AzerothCore
Posts (Latest 10 updated) :
Read all
Contents:
  1. C++ Code Standards
    1. Intro
      1. Why are conding standards important?
      2. Why is it important for everyone to follow the standards?
    2. Coding Standards
      1. Tabs and Indents
      2. Comments
      3. Whitespace
      4. Brackets
      5. Random numbers vs. Constants
      6. Enumerations vs. define
      7. Standard prefixes for constants
      8. Naming of variables and functions
      9. WorldObjects
      10. Defining const variables
      11. Static variables

C++ Code Standards

Intro

Why are conding standards important?

It makes it easier for everyone to maintain and read the written code as well as it gives us more control over it.

It can also act as a safe guard to prevent errors in the code.

Why is it important for everyone to follow the standards?

We only accept code that is written to the standards, this means that a PR you want to contribute with can be merged faster if you follow the standards from the beginning.

Coding Standards

Tabs and Indents

We never use tabs, instead we use spaces.

One tab is equal to 4 spaces and that is what should be used throughout the whole project.

Visual Studio:

Tools -> Options -> Text Editor -> C/C++ -> Tabs -> Smart, 4, 4, Insert spaces.

Notepad++:

Settings -> Preferences -> Language -> Tab size: 4, Replace by space: checked

Comments

Always comment code where it is not typical repeated code and where the code is not self-explanatory.

Comments should either be placed dierectly above the code, or directly beside it.

// A Comment
if (a == b)

if (a == b)
{
    a = b; // A Comment

Whitespace

Trailing whitespace is a not allowed.

You should also not have unneeded spaces within a bracket.

Wrong:

if( var )
if ( var )

Correct:

if (var)

Brackets

When we work with if or else statements, etc, we always use brackets.

if (var)
{
    me->DoA();
    me->DoB();
}
else
{
    me->DoC();
}

Random numbers vs. Constants

Constants makes the code easier to read and understand, they also provide a safe guard and prevents numbers from being hard-coded.

Wrong:

if (player->GetQuestStatus(10090) == 1)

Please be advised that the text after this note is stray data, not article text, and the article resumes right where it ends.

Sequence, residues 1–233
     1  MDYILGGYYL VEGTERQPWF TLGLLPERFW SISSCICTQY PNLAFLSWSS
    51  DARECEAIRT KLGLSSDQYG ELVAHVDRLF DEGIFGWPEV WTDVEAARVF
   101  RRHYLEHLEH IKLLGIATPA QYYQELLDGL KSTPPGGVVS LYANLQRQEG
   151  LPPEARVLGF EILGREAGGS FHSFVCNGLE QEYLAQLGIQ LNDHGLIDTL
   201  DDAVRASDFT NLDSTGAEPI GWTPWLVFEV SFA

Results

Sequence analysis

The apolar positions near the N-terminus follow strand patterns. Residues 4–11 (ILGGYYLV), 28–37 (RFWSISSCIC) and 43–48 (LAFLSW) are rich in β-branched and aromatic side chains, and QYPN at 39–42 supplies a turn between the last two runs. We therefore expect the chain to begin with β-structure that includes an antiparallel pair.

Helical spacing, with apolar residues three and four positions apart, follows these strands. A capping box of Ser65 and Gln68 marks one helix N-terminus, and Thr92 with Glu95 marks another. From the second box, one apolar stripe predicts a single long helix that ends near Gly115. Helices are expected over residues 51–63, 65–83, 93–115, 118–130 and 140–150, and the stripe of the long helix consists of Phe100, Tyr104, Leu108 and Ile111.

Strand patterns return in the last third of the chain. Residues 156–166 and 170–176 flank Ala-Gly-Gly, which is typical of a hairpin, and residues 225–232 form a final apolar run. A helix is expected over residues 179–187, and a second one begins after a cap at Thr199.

{
    me->RemoveFlag(58, 2);
}

Correct:

if (player->GetQuestStatus(QUEST_BEAT_UP) == QUEST_STATUS_INCOMPLETE)
{
    me->RemoveFlag(UNIT_FIELD_FLAGS, UNIT_FLAG_NON_ATTACKABLE);
}

Enumerations vs. define

It is strongly advised to avoid using #define for constants. use either a const variable or an enum if multiple variables can be grouped togehter.

Enums must have a name. Separate constant on different enums depending on their type.

enum Spells
{
    SPELL_1 = 1111
    SPELL_2 = 2222
    SPELL_3 = 3333
};

constexpr uint32 SPELL_4 = 4444;

Standard prefixes for constants

All constants that we store have a standardized prefix.

PREFIX Comment
SPELL_ Spell ID
NPC_ creature_template.entry
ITEM_ item_template.entry
GO_ gameobject_template.entry
QUEST_ quest_template.id
SAY_ creature_text.GroupID
EMOTE_ creature_text.GroupID Different prefix from SAY_ to show that this is an emote.
MODEL_ Creature model, DisplayID
H_XX Heroic mode prefix (goes before the other prefix) XX is max man amount from mode. (OBSOLETE AS OF PATCH 3.2 WITH SpellDifficulty.dbc)
RAID_XX Raid mode prefix (goes before the other prefix) XX is max man amount from mode. (OBSOLETE AS OF PATCH 3.2 WITH SpellDifficulty.dbc)
EVENT_ Event/Encounter identifier for instances
DATA_ Identifiers in instance used for GUIDs/data not being event/encounter
ACHIEV_ Achievement ID

Correct:

SPELL_ENRAGE
H_SPELL_ENRAGE
EVENT_ILLIDAN
DATA_ILLIDAN
ACHIEVE_MAKE_IT_COUNT

Naming of variables and functions

Never use HUNGARIAN NOTATION in variable names!

for public/protected members or global variables:

uint64 SomeGuid;
uint32 ShadowBoltTimer;
uint8 ShadowBoltCount;
bool IsEnraged;
float HeightData;

for private members:

uint64 _someGuid;
uint32 _mapEntry;
uint8 _count;
bool _isDead;
float _heightData;

Methods are always UpperCamelCase and their parameters in lowerCamelCase

void DoSomething(uint32 someNumber)
{
    uint32 someOtherNumber = 5;
}

Always use 'f' after float values when declaring them to avoid compile warnings.

float posX = 234.3456f;

WorldObjects

We define WorldObjects in this way:


GameObject* go;
Creature* creature;
Item* item;
Player* player;
Unit* unit;

We never use multiple declaration with pointers

Something* obj1, *obj2;

The proper way to do this is

Something* obj1;
Something* obj2;

References are defined in a similar way (& must be stuck to the type)

Creature& creature;

Never define Creature* me; in a creature script! 'me' is the pointer to the scripted creature.

Defining const variables

const keyword should always go after type name

Player const* player; // player object is constant
Unit* const unit; // pointer to the unit is constant
SpellEntry const* const spell; // both spell and pointer to spell are constant

Static variables

static keyword always should be put as first

static uint32 someVar = 5;
static float const otherVar = 1.0f;